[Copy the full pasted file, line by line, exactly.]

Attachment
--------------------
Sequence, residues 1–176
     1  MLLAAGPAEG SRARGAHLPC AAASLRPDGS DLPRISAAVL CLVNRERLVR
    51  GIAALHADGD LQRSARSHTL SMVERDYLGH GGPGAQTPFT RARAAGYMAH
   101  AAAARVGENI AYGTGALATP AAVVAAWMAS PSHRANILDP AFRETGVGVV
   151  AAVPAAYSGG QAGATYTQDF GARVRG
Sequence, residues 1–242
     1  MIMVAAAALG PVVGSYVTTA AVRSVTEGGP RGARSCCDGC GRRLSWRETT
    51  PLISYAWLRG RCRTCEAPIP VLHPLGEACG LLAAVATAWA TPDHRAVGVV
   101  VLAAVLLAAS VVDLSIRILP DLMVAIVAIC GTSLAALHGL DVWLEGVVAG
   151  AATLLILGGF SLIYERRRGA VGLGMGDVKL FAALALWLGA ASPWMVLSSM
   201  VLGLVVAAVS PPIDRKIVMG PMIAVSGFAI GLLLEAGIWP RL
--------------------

Sequence, residues 1–176
     1  MLLAAGPAEG SRARGAHLPC AAASLRPDGS DLPRISAAVL CLVNRERLVR
    51  GIAALHADGD LQRSARSHTL SMVERDYLGH GGPGAQTPFT RARAAGYMAH
   101  AAAARVGENI AYGTGALATP AAVVAAWMAS PSHRANILDP AFRETGVGVV
   151  AAVPAAYSGG QAGATYTQDF GARVRG
Sequence, residues 1–242
     1  MIMVAAAALG PVVGSYVTTA AVRSVTEGGP RGARSCCDGC GRRLSWRETT
    51  PLISYAWLRG RCRTCEAPIP VLHPLGEACG LLAAVATAWA TPDHRAVGVV
   101  VLAAVLLAAS VVDLSIRILP DLMVAIVAIC GTSLAALHGL DVWLEGVVAG
   151  AATLLILGGF SLIYERRRGA VGLGMGDVKL FAALALWLGA ASPWMVLSSM
   201  VLGLVVAAVS PPIDRKIVMG PMIAVSGFAI GLLLEAGIWP RL